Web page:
The software application (e.g., application 132-1) detects (534) one or more events, and processes (536) each of the events using one or more of the gesture recognizers (e.g., 320).

The respective event is processed (538) at a respective gesture recognizer (of the one or more gesture recognizers (e.g., 320)). In order to explain operation of the delegates, we assume that a respective gesture recognizer that processes the event has a corresponding delegate. The respective gesture recognizer calls the assigned delegate, and the assigned delegate is executed (540) to determine one or more values in accordance with the application state. In response, the respective gesture recognizer conditionally sends (542) information corresponding to the respective event to the software application, in accordance with the one or more values determined by the assigned delegate.

The software application is executed (544) in accordance with information received from one or more of the gesture recognizers corresponding to one or more of the events.

In other words, in these embodiments, a respective gesture recognizer invokes an assigned delegate to obtain one or more values that determine the behavior of the gesture recognizer. As described above, the behavior of the gesture recognizer modified by its corresponding delegate includes whether to receive touch/event information, whether to transition out of the event possible state, and/or whether to allow simultaneous recognition. Operations by the delegate (sometimes with the coordinated action of the delegates of other gesture recognizers) also coordinate the operation of two or more gesture recognizers by controlling which gesture recognizers receive which touches, by determining which gesture recognizer is allowed to transition to the “event recognized” or “event began” state, and by allowing or disabling simultaneous recognition.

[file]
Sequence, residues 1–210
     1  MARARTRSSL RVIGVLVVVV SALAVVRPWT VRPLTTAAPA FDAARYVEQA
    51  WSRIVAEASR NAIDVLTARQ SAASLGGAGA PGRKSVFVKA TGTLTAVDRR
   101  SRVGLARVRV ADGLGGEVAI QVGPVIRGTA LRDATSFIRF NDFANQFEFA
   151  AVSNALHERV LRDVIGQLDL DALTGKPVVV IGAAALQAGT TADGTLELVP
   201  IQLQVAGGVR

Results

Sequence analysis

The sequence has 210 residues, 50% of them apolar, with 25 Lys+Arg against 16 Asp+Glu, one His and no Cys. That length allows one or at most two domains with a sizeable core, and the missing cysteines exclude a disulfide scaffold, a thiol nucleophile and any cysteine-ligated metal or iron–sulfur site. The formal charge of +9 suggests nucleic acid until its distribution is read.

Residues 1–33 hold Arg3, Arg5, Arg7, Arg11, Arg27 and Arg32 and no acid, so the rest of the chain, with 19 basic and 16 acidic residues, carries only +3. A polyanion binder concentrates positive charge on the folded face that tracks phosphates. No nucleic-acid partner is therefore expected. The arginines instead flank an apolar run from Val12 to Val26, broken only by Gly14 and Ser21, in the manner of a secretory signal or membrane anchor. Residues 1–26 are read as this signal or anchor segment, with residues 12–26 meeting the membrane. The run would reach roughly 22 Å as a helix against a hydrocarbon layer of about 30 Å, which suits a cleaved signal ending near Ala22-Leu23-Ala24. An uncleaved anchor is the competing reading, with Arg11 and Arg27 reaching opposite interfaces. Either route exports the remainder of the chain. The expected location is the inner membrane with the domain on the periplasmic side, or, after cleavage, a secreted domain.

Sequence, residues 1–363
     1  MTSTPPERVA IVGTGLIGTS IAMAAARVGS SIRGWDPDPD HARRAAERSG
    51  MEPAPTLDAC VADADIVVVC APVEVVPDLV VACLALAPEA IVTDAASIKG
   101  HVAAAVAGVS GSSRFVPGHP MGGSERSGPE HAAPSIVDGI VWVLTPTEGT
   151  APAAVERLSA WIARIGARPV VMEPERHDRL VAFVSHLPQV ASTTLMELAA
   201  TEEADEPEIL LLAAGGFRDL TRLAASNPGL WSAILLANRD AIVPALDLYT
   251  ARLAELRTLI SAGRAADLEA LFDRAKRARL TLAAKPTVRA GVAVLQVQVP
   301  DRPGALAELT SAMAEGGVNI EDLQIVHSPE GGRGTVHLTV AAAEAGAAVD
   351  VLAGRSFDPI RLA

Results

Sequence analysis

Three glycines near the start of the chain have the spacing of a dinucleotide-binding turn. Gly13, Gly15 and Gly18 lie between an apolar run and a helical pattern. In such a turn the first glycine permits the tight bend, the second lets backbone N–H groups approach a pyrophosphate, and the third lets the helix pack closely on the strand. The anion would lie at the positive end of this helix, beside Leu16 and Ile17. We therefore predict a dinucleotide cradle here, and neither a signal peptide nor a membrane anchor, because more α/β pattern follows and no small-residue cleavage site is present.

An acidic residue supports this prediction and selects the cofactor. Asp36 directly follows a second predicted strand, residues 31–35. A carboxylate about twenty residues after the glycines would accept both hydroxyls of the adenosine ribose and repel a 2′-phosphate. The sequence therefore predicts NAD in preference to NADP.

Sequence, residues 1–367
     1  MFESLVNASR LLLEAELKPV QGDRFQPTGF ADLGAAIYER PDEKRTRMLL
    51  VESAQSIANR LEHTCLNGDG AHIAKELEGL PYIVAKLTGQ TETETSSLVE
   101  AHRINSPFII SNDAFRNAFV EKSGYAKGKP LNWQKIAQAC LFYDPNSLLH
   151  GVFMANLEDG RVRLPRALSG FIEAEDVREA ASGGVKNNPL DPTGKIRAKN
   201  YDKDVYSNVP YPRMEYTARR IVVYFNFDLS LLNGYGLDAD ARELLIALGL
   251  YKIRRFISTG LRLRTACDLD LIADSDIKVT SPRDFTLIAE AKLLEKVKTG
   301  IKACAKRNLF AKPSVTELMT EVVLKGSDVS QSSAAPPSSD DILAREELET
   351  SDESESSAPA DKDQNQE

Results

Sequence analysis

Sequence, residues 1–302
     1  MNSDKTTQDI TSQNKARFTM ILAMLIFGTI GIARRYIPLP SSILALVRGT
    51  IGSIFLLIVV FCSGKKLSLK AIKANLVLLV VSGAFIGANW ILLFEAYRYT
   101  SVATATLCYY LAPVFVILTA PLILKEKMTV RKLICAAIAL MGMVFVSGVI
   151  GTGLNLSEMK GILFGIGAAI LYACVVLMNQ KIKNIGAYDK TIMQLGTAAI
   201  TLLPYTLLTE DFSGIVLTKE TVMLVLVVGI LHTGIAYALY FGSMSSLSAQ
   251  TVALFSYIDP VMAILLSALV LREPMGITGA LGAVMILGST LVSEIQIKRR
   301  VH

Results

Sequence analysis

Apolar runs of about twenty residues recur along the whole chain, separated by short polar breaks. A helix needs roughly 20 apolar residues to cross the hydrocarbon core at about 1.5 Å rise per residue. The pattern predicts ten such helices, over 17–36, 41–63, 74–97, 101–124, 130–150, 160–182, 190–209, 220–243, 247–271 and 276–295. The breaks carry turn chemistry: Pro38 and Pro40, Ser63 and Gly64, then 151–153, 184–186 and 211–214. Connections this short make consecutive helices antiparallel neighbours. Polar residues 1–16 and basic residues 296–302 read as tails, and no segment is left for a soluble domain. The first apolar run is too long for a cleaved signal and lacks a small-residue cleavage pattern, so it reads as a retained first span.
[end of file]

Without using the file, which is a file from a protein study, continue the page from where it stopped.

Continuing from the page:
In FIG. 5C, a software application (e.g., application 132-1) displays (530) one or more views of the plurality of views (e.g., 506, 508, 510). The plurality of views includes a plurality of gesture recognizers (e.g., 516-1 through 516-6). The software application (e.g., application 132-1) assigns (532) distinct delegates to at least a subset of the plurality of gesture recognizers. In some embodiments, a respective gesture recognizer is assigned (533-1) to a corresponding delegate. In some embodiments, a respective delegate is assigned (533-2) to a corresponding gesture recognizer. Alternately, the correspondence between a delegate and a gesture recognizer may be established prior to runtime.

The software application (e.g., application 132-1) detects (535) one or more touches, and processes (546) each of the one or more touches, using one or more of the gesture recognizers. In processing each of the one or more touches, the software application identifies (548) a set of candidate gesture recognizers of the plurality of gesture recognizers. In some embodiments, the candidate gesture recognizers are gesture recognizers attached to the hit view (e.g., gesture recognizers 516-1, 516-2, and 516-3 in FIG. 5A).